Prior to joining the UNC faculty on April 1, 2021, Dr. Oyesiku was Professor of Neurological Surgery and Medicine (Endocrinology) at Emory University, Atlanta, Georgia and the Inaugural Daniel Louis Barrow Chair in Neurosurgery, Vice-Chairman of the Department of Neurological Surgery and Director of the Neurosurgical Residency Program. Dr. Oyesikus clinical expertise is pituitary medicine and surgery. Dr. Oyesiku was co-director of the Emory Pituitary Center and has developed one of the largest practices entirely devoted to the care of patients with pituitary tumors in the country and has performed over 3,700 pituitary tumor operations. Dr. Oyesiku obtained his MD from the University of Ibadan, Nigeria. He obtained an MSc in Occupational Medicine from the University of London, UK and completed a PhD in Neuroscience at Emory University. He completed his Surgery Internship at the University of Connecticut-Hartford Hospital and obtained his neurosurgical training at Emory University, Atlanta. He is board-certified by the American Board of Neurological Surgery. He received an NIH K08 Award and Faculty Development Award from the Robert Wood Johnson Foundation was a recipient of an NIH R01 award and PI of the NIH/NINDS R25 Research Education Program for Residents and Fellows in Neurosurgery. Dr. Oyesiku has served on several NIH Study Sections. Dr. Oyesikus research is focused on the molecular pathogenesis of pituitary adenomas, and tumor receptor imaging and targeting for therapy.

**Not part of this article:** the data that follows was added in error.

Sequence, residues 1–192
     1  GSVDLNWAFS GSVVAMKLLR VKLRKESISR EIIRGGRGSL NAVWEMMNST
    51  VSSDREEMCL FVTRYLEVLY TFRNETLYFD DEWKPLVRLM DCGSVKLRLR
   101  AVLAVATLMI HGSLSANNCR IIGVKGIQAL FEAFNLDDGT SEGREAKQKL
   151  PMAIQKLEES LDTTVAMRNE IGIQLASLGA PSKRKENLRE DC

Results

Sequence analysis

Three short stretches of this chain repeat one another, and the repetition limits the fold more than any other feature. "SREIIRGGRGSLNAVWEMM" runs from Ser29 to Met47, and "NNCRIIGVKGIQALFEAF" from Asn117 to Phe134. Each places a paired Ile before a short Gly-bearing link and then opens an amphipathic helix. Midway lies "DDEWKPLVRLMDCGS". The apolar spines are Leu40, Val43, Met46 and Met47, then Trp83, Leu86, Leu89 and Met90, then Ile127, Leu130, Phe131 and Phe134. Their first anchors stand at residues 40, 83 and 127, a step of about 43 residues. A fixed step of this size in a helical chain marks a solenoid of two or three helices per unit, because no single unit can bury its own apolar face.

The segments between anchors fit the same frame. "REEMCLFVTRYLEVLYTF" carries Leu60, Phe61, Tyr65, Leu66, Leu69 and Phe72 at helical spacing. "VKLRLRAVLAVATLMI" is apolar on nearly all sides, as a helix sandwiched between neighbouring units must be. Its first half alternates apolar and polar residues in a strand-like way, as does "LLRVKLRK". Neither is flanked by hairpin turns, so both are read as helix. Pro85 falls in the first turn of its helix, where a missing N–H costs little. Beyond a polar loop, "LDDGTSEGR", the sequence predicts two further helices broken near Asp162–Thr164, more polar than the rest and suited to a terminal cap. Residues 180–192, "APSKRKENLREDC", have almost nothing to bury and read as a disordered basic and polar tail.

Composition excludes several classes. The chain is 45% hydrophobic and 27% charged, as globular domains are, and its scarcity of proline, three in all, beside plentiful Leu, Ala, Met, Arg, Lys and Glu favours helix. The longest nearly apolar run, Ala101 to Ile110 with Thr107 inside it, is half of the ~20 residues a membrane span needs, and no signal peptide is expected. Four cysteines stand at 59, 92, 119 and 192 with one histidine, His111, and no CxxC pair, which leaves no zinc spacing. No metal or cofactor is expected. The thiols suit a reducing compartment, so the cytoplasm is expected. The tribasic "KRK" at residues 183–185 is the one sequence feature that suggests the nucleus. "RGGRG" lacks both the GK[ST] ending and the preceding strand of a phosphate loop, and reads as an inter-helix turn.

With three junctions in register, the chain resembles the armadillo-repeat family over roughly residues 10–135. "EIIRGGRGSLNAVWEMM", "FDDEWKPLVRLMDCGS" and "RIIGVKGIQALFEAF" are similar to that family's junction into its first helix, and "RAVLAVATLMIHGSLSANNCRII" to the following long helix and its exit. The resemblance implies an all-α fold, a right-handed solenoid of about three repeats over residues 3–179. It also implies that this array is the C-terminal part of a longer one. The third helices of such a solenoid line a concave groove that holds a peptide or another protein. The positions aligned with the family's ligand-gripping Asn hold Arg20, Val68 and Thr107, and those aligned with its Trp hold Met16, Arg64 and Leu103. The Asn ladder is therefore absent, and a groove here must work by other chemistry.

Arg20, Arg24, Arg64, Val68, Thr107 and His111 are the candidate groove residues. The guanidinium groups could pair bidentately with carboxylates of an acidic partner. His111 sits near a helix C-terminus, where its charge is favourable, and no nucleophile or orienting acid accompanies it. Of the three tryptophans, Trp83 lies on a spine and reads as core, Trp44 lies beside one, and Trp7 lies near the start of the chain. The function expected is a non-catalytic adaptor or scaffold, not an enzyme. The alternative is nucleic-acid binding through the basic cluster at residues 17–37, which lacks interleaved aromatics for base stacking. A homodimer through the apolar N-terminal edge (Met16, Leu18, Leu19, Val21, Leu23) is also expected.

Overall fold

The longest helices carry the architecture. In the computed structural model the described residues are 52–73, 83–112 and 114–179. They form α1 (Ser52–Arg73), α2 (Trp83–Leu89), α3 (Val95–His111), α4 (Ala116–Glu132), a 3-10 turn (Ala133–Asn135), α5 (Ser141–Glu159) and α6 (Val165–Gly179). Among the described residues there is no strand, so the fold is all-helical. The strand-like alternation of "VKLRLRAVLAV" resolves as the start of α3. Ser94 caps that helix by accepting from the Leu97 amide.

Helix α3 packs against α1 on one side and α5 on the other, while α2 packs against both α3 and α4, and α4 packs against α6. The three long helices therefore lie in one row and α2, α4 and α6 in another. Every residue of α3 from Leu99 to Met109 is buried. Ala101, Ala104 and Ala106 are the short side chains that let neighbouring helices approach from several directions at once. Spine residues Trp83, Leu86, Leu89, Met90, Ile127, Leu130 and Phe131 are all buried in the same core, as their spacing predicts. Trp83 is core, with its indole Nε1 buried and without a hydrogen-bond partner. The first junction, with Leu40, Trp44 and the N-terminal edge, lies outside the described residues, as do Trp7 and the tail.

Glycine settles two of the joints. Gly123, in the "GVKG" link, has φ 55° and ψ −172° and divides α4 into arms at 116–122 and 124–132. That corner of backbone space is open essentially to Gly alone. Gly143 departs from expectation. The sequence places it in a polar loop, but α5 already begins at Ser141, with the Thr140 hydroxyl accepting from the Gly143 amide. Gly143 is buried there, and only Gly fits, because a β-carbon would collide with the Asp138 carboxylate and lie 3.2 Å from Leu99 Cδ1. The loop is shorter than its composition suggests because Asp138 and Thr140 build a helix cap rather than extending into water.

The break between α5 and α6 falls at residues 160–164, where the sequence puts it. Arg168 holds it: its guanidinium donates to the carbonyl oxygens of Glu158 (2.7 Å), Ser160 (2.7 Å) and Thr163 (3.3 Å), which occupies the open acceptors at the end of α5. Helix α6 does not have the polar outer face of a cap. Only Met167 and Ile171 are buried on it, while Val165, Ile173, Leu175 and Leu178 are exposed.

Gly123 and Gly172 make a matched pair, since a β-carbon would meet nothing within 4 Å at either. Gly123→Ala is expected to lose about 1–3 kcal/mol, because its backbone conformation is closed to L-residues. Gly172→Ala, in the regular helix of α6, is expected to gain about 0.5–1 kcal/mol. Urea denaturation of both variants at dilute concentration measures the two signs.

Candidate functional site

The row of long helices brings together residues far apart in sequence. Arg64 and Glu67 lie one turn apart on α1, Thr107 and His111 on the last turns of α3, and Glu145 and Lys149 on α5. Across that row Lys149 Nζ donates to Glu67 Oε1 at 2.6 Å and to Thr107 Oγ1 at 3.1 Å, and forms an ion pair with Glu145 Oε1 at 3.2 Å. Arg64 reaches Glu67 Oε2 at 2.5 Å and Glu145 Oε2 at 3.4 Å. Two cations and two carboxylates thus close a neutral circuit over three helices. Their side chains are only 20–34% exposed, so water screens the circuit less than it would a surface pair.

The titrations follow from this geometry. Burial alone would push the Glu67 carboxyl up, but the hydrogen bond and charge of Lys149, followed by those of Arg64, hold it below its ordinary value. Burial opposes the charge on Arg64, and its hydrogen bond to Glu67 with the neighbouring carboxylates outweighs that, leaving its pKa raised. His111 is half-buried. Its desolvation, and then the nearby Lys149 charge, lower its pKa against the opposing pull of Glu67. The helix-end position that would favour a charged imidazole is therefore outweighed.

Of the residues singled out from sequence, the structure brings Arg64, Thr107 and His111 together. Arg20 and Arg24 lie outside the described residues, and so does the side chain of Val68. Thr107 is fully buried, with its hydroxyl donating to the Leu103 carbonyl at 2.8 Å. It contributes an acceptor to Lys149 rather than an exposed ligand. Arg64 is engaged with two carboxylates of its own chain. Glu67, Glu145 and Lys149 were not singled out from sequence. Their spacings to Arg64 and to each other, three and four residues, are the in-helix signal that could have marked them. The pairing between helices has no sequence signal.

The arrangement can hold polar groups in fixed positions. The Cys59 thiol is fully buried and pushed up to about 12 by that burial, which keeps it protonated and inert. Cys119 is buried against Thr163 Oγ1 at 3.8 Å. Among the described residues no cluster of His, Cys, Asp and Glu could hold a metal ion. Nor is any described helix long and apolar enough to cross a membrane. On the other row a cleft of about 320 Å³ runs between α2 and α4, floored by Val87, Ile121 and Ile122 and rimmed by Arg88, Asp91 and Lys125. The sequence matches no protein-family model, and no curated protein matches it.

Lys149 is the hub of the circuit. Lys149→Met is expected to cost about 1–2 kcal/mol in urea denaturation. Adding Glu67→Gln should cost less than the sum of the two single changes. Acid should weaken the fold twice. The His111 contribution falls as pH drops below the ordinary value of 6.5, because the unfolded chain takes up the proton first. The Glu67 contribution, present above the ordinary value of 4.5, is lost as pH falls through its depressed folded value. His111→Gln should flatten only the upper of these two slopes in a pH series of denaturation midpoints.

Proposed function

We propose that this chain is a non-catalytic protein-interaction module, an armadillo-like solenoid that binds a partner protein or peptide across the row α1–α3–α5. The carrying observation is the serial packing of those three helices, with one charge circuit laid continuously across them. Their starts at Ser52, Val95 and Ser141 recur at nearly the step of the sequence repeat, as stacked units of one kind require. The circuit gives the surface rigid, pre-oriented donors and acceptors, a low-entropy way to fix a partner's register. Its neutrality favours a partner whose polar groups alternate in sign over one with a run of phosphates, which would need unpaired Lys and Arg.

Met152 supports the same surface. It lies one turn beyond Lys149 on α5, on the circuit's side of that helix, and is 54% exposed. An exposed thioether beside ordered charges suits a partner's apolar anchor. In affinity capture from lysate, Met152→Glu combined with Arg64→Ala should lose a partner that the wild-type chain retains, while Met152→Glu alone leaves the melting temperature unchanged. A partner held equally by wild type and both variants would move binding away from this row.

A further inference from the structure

Dr. Oyesiku has served on various state, regional, national and international committees for all the major neurosurgical organizations. He has served on the Board of Directors and as Chairman of the American Board of Neurological Surgery. He was on the ACGME-Residency Review Committee of Neurosurgery. He is a Fellow of the American College of Surgeons and has served on its Board of Governors. Dr. Oyesiku has been President of the Congress of Neurological Surgeons. He has served as Secretary/Treasurer and President of the Georgia Neurosurgical Society, President of the Society of University Neurosurgeons, and Vice-President of the American Academy of Neurological Surgeons. He is President of the International Society of Pituitary Surgeons. He is President-Elect of the World Federation of Neurological Surgeons.
Dr. Oyesiku is Editor-in-Chief of NEUROSURGERY, OPERATIVE NEUROSURGERY and NEUROSURGERY OPEN leading journals in neurosurgery. He is author of over 180 scientific articles and book chapters.
He has been selected by his peers as one of The Best Doctors in America and was selected by the Consumer Research Council of America as one of Americas Top Surgeons. He is named in Marquis Whos Who in America. He is a member of the Honor Medical Society Alpha Omega Alpha. He was awarded the Gentle Giant Award by the Pituitary Network Association for his services to Pituitary Surgery and Medicine. He is on the Medical Advisory Board of the Cushings Support and Research Foundation. He has been visiting professor and invited faculty at several departments of neurosurgery in the United States and abroad.